Instead of magic word arguments using the Taliban, why not just call #8 out for being a really bad way of organizing your society? Places that have a lot of that stuff going on are really awful places to live, and an attempt to move any political movement in that direction will lose you most of your support, as well as justifying an absolutely brutal crackdown on at least that part of your movement.

    Organizing your society on Assassination Politics lines looks to me like a good way to turn your society into a really awful place, where almost nobody (except rich powerful people) is willing to take any unpopular public position or action.

  48. #48 |  ParatrooperJJ | 

    It’s pretty simple really – a cop asks you to do something, then he tells you to do something, and then he makes you do something. Don’t like it? Then do what you are requested.

  49. #49 |  Mike T | 

    Speaking of irony, turns out Zimmerman has a history of also confronting the police on behalf of blacks who are being victimized by police or their relatives.

  50. #50 |  Brandon | 

    “Ah yes, “abolish unions”. When you start on basic worker rights, abolishing salaries is never far behind…”

    “Oh give me a break. Every corporation, everywhere, will suppress pay and benefits as much as possible at all times, to maximize profit. Especially in a shitty economy such as this one, there is literally nowhere else for employees to go. They will take as many paycuts and benefit cuts as the employer wants to hand out, and there is nothing they can do. There is no leverage. Because there is functionally no market for jobs right now.”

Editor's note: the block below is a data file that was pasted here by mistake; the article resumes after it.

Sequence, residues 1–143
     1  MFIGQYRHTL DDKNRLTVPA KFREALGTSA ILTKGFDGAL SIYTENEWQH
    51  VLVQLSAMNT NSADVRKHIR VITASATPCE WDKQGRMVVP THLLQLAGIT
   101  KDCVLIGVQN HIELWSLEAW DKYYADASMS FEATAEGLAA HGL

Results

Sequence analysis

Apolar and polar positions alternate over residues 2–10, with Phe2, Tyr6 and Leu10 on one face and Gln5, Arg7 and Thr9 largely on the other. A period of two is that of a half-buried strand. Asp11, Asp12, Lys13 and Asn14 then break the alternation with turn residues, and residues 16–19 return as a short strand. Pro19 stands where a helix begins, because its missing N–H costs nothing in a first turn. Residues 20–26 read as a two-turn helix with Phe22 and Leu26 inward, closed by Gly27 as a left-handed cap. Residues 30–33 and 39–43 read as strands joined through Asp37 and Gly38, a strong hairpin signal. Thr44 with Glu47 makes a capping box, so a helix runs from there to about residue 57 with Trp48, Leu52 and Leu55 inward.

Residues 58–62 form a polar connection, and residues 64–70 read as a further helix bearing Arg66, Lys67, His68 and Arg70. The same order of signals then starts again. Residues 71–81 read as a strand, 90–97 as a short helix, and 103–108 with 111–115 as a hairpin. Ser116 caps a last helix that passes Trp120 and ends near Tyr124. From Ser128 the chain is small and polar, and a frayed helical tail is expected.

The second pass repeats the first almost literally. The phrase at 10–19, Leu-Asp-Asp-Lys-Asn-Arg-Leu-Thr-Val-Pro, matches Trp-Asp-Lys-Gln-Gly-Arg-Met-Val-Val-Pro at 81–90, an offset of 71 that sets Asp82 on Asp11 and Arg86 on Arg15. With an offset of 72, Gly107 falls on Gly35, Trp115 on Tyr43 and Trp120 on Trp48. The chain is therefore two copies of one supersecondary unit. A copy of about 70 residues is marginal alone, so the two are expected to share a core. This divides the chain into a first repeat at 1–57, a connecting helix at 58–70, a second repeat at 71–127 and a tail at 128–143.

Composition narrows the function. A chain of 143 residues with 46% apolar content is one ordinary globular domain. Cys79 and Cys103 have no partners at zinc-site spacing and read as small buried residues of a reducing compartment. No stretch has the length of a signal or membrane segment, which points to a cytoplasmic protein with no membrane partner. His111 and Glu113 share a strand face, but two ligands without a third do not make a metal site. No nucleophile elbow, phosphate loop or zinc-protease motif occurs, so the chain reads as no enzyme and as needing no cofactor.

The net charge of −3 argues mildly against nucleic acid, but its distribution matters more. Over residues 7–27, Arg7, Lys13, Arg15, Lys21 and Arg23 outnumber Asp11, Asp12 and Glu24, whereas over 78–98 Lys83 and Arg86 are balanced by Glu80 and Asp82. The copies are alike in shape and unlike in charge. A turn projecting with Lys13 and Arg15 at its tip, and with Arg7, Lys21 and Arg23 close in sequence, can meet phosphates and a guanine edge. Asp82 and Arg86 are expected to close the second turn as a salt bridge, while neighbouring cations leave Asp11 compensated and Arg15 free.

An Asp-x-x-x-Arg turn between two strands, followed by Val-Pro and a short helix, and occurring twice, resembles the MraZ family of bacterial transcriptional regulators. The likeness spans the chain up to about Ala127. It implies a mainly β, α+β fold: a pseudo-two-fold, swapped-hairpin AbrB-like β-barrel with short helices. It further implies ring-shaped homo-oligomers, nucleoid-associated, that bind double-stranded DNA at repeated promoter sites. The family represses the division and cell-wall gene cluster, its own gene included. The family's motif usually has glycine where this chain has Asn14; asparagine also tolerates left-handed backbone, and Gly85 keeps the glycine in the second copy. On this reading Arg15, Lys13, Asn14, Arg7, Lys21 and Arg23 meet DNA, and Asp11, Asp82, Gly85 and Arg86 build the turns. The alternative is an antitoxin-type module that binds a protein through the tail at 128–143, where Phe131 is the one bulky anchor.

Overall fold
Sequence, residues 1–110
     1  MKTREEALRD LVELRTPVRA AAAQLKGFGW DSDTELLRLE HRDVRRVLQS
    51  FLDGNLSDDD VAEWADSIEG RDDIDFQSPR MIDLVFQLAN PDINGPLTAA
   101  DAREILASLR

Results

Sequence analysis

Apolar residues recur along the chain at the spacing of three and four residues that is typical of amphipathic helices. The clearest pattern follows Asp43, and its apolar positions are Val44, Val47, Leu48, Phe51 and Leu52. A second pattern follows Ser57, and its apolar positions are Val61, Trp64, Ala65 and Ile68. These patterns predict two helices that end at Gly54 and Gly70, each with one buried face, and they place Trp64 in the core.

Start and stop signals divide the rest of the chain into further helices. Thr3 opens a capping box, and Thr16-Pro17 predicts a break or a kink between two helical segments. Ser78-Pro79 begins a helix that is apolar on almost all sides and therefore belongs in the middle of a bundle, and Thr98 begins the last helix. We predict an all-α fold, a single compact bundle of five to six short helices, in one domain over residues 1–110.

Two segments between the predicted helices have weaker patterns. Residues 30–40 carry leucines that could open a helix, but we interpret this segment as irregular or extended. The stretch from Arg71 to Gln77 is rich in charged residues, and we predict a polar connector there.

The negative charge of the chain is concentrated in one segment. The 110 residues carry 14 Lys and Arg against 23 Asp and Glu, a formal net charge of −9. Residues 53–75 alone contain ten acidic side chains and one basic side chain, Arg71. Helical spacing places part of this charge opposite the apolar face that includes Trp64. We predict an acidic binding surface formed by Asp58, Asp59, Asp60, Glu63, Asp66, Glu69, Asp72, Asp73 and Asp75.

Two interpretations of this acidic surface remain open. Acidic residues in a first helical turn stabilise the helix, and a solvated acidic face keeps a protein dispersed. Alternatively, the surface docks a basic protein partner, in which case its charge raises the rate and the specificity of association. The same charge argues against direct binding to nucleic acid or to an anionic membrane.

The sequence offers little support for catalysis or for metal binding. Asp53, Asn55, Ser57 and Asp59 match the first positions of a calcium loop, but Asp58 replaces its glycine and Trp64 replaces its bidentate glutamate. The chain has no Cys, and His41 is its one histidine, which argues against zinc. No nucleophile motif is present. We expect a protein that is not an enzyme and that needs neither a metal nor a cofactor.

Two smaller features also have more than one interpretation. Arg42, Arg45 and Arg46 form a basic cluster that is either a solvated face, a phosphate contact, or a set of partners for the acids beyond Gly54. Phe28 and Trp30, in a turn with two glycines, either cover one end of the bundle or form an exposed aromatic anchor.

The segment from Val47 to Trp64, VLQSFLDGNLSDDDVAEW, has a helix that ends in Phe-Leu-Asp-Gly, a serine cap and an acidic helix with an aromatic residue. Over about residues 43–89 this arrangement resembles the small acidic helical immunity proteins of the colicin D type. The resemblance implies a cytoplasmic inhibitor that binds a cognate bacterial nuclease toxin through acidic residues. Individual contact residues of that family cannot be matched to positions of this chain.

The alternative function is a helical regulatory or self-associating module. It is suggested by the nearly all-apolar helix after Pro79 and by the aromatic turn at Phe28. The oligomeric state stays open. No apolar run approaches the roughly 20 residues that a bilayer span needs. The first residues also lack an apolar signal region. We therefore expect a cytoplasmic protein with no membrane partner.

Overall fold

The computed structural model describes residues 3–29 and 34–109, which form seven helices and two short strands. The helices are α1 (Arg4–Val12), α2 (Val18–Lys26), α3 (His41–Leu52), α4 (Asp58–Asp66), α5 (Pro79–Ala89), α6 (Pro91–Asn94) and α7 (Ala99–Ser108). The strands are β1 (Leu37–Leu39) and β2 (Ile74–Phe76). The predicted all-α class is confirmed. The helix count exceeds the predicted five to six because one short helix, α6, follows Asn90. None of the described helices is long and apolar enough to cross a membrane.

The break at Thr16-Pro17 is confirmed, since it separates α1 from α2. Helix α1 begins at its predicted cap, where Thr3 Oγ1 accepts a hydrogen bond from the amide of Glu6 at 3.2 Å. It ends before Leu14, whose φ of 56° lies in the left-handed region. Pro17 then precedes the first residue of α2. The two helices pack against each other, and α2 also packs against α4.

““giving employers powers to ban organisation between their workers rapidly erodes everyone’s working conditions and pay.”

    “You people suck at focus and Miko is an unrepentant troll. This is a story about bad police unions but you can’t help but be more interested in hippy-punching. Old habits never die, eh honky?”

    “It is not inconsistent to pay policeman generously (read: at above market rates), and to expect them to be smarter than the underpaid policemen in the Deep South, in places like Sanford, FLA.”

    Wow. Ad hominems, strawmen, false choices, and stuff just straight up pulled out of Burgers Allday’s ass. Does anyone have a logically coherent defense of either public sector unions or forced unionization? Because there is not one in this thread.

  51. #51 |  Brandon | 

    “It’s pretty simple really – a cop asks you to do something, then he tells you to do something, and then he makes you do something. Don’t like it? Then do what you are requested.”